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Off-Topic: Why Map Your Process?

September 2, 2009
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This is an example of a macro-level process map for testing services. Source: Gupta


Efficiently managing processes is key to the success of a business. That is all the more true in this tiring economy. An early step in process management is identifying and documenting the main processes. A powerful visual tool, process mapping has been in use for many years.

This is an example of a macro-level process map for a quoting process. Source: Gupta

What is a Process Map?

Process maps diagram sequential activities, starting with input transformation activity, followed by output. Process mapping was developed in the early 20th century by Frank Gilbert, and has not changed much since. Though there are other techniques such as process charts for drawing a process map, flow charts are still very common, and that may be the reason why the names process map and flow chart are used interchangeably.

The process map is generally drawn from left to right. It can be done at the macro or micro level. Why draw a macro-level process map? Drawing a macro-level process map is important to get an overall feel for the process. It also defines the scope of a process. Moreover, it is easy to present a macro-level process map to top management, who are interested in seeing the big picture.

After one has drawn a broader map, a micro-level process map can be worked on. The micro-level process map is a detailed map that can be used to understand and improve a process and also for knowledge transfer.

The processes also involve internal stakeholders and/or external customers. Also, the output from a process may be documents either in hard copy or electronic copy. Therefore, the process map should indicate stakeholders and nature of the documents or records output. Grid or non-grid format can be used to draw the map. The advantage of a grid format is that when a process is mapped in detail, it does not run more than a couple of pages.

This is an example of a macro-level process map in which order is conformed, incorporating stakeholders and document or record details. Source: Gupta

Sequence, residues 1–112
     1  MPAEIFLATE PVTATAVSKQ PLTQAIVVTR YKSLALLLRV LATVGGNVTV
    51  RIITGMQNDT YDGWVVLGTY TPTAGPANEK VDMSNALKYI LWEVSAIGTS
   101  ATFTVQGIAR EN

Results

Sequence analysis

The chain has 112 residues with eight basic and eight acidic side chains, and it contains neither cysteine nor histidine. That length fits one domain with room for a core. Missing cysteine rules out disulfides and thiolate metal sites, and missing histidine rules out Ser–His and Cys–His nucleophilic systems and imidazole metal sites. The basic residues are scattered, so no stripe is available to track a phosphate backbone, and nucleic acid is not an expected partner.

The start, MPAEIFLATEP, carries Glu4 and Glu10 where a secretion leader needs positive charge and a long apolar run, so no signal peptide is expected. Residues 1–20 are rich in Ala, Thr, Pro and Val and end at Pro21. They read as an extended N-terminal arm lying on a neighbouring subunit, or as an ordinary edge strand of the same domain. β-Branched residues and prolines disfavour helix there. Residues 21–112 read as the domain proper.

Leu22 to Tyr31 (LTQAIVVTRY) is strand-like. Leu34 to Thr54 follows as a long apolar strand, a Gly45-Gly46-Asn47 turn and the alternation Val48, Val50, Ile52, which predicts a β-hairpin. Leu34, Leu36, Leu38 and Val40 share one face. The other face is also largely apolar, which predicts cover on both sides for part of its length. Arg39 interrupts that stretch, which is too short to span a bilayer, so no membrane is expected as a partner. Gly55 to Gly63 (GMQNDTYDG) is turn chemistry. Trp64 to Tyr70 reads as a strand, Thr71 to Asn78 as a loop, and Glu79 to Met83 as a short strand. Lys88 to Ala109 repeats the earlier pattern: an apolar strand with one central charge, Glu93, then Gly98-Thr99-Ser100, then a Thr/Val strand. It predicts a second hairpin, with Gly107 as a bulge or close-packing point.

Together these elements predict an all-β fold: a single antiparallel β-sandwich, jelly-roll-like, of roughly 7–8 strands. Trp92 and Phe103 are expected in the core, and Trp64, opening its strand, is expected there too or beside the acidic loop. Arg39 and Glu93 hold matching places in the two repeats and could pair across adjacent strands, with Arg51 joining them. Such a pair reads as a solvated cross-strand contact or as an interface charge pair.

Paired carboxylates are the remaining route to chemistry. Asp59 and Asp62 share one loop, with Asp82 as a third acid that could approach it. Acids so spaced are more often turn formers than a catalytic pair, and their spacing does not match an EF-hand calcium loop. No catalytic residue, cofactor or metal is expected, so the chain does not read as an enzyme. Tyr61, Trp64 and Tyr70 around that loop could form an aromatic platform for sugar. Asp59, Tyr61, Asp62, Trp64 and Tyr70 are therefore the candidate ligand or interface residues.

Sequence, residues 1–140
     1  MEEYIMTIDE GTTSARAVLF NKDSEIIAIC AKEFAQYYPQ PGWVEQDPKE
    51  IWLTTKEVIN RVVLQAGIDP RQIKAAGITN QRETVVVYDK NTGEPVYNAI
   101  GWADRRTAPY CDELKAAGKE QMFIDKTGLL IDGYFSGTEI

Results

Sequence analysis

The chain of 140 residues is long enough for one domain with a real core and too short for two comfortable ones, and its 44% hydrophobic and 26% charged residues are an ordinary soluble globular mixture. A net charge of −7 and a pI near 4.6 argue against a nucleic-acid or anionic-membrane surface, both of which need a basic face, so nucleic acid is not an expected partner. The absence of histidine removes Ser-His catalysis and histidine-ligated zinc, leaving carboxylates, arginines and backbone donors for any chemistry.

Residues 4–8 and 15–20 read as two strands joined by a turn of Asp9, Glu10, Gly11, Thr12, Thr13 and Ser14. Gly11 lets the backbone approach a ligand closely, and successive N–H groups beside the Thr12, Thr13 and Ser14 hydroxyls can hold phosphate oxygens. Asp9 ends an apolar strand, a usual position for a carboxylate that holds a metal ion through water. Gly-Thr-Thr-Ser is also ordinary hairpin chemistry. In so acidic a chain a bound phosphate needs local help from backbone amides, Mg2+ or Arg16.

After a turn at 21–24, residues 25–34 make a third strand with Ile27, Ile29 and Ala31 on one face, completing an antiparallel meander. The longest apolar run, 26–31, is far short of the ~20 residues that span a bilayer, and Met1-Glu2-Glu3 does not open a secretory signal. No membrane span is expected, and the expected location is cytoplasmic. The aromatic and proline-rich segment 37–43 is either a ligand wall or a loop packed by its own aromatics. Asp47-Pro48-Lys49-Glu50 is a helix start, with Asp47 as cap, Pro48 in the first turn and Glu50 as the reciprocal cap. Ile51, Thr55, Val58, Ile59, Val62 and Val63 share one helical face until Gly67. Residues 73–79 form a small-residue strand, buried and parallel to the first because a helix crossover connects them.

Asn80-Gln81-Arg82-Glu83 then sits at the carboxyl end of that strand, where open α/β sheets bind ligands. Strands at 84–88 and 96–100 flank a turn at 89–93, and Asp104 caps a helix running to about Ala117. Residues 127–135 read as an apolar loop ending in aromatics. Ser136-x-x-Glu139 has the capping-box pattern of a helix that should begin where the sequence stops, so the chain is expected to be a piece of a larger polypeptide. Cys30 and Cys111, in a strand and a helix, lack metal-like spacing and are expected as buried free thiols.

Considerations

There are some initial activities involved in successful process mapping:

  • Identifying the stakeholders of the process.
  • Forming a team.
  • Defining the purpose of the map: Is it for problem solving, understanding a process or knowledge transfer?
  • Setting the boundary of the map.

    After this initial phase is completed, the team can start working on:

  • Determining the process inputs.
  • Determining activity involved in transforming the inputs and corresponding outputs.
  • Sequentially diagramming and numbering each activity including the decision point.

    ANSI/AIIM M54-1987 describes various kinds of flow-charting symbols. Though there is different software on the market to draw the map, it is always advisable to draw the map by hand on a board or flip chart. After the hand-drawn map is agreed on, it can be transferred to the computer.


  • Outcome of the Map

    The process map is a simple and effective quality tool. After the map is drawn, a process can be analyzed to determine whether any activity is value or non-value added. In his book “Process Mapping, Process Improvement and Process Management,” Dan Madison describes four lenses-frustration lens, time lens, cost lens and quality lens-for analyzing a process. The last thing to remember in process mapping is that no map is final; it is dynamic and should constantly be looked at for improvement.

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